I'm getting worse and worse at sticking with tasks and seeing them through because my attention span has gotten woefully short and there are too many tasks. This was something I had started last year as a teaching guide (I have to always make a piece identical to the one my student is doing to model the right stuff) and I decided to test a new lid for it.
The lid surface worked but I still need to finesse where it comes apart from the body of the basket. I also took the handle off of the striped bottom basket and took up the walls of another square bottomed piece. All of this was very satisfying.
This month was all about new ducks. The first two went immediately to a new married couple and a few more will go to homes soon. The rest was me playing with cords from last year's big dyeing and installation work, because I love to recycle my own work.
I leave very soon for my NYC teaching and seeing family, which is especially exciting as it has grown by one healthy baby niece. She arrived last week, another excuse for my already sad attention to be diverted from work. My printer also decided to die and the brake light in my car went on for a bit so there was a lot of that kind of time eating, but I tried to reclaim some of that today by making 80 cords and laying out a new how-to book on jiseung (this is my millionth stab at this book, let's see if it finally materializes!).
For the first time since 2013, I took the time to figure out which windows on the outside correspond to the paper studio inside. This old gym houses a performance space/cafe, bowling lanes, art spaces, and a million organizations/groups that range from aikido to steel drum to brass musicians to fitness to theatre and who knows what else. It's slated for demolition but no one knows when. Hopefully not soon.
Here are the student tools, both sugetas and moulds and deckles. I repeated the tool cage of grad school tradition where paired tools are named after plants that are good for papermaking.
One of the final activities of each class is making thank you notes for all of the people on campus who make this course possible. I may be old fashioned, but I think that this is a very important practice so I like to assign each student one (or two) to make, and then we pass them around to sign collectively.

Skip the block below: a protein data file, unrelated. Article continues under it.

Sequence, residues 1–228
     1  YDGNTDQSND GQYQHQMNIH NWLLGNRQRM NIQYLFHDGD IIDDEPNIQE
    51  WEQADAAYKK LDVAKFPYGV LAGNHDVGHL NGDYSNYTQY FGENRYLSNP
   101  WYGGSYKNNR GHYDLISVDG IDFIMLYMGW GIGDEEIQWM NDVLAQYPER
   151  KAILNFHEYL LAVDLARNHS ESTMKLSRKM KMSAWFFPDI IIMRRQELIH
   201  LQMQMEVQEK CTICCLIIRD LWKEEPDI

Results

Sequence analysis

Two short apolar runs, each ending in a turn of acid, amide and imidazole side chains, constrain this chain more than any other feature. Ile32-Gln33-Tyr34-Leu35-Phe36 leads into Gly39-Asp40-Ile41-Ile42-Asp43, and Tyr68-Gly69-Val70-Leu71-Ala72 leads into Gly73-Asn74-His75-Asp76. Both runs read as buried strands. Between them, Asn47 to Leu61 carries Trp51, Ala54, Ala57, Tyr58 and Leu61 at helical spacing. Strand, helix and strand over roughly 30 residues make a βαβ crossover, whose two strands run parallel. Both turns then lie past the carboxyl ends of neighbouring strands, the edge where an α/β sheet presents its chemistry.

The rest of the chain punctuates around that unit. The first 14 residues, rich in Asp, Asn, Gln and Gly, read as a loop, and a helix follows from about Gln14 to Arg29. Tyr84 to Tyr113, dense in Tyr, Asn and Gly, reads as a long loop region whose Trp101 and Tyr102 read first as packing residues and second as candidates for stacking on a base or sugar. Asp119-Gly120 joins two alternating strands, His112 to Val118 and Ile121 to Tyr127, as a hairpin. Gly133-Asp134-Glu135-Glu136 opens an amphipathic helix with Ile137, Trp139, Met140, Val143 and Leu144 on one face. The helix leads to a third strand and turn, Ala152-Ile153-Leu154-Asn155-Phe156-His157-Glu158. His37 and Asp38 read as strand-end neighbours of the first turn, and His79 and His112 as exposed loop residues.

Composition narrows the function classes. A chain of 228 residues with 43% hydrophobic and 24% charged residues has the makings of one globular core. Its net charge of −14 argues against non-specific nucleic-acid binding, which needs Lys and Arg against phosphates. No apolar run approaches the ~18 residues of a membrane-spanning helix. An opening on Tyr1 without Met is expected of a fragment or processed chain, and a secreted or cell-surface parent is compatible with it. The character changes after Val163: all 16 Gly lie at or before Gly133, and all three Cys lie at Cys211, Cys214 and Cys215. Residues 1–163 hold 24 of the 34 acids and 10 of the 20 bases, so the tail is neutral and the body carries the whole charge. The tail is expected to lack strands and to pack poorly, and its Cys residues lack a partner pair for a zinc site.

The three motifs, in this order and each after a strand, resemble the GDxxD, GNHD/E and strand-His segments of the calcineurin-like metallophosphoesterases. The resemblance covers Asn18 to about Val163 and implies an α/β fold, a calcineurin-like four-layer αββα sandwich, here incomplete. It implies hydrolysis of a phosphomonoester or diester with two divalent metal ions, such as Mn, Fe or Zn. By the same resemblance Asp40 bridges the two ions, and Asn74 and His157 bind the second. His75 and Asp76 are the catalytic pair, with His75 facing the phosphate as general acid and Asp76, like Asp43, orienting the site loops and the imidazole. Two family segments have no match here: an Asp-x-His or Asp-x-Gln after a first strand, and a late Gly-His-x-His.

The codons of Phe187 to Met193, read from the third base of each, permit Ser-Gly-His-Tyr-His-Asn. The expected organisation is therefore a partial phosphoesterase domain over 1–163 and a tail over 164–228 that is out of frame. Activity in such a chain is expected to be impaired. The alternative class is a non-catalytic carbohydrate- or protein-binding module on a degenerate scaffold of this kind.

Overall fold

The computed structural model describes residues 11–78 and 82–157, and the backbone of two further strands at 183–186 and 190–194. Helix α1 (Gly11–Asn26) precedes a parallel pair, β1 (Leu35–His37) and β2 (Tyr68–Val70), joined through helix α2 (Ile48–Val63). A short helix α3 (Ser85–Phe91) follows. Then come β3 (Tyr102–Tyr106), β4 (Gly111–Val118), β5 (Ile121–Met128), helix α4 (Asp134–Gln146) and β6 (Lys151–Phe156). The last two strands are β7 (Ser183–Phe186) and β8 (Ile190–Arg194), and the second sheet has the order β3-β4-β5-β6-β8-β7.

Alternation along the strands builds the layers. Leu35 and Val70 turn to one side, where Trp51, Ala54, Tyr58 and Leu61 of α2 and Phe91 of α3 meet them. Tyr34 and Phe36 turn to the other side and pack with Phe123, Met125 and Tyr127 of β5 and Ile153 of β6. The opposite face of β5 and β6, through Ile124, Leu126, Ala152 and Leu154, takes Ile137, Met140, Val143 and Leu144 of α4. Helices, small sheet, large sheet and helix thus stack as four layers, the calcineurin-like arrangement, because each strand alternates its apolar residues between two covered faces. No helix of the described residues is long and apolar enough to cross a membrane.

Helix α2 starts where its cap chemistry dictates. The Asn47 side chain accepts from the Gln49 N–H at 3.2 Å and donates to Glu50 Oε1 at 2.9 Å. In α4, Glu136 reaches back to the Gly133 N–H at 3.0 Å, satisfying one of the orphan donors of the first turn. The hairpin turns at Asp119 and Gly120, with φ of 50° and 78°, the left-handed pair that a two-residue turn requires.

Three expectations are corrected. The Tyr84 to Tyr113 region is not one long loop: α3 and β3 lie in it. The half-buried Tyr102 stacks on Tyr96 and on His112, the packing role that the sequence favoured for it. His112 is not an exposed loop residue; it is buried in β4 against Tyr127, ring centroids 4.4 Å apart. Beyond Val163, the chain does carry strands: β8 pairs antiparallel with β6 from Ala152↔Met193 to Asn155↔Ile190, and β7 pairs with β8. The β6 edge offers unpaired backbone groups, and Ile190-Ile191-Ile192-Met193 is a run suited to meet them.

This was our group photo on the last day in front of the exhibit (we had to reduce number of cases and change locations this year and I got kind of lazy arranging the front but that comes from peak weariness + juggling too many things to do all on the last day).
These are some of the books that came out from under the pressboards after drying, with covers made from marbled papers and paste papers that they had made the prior week.
Instead of having two people per case as in prior years, one student suggested that we try to fit samples of each student's work into each case, so there should be work by six people in here.
We've never had this type of space and it took a while to arrange, but thank goodness for all the eager hands and for Ed's speediness in printing out and mounting all of the pictures from the month. I know this has been over for a while but guess who has not had the energy to share it all until now?
For the first several days after the intensive ended, I could do nothing but "busy" work. I'm no good at laying around to rest, so I rested by keeping my hands busy. Made more honeycomb paper, sewed up paper envelopes, pieced more paper scraps to cover a window at home for more privacy, reorganized things, cleaned the studio table.
Once I got back to feeling somewhat normal, I got to the work work (aka paid work): duck commissions. This is for a couple that eloped unexpectedly rather than doing a wedding, so it came up faster than planned but I was glad to get back into the groove. There are about four and a half ducks more by now and I've been doing my best to pace myself so my hands continue to function. I conducted/gave four phone interviews, juried a show, dealt with "surprise!" home repairs that wiped out the latest sales, and only half-heartedly tried to get back into an exercise routine. Aside from that, days are calmer and I'm grateful for the solo time before the travel/teaching ramp back up in a couple of weeks.
A tiny book with big and sweet sentiments. This was the book I got at the end with a contribution from each student inside its pages. The month was fully invigorating while also squeezing every last drop out of me, so it all balances out in the end. I hope that my students learned as much as I did!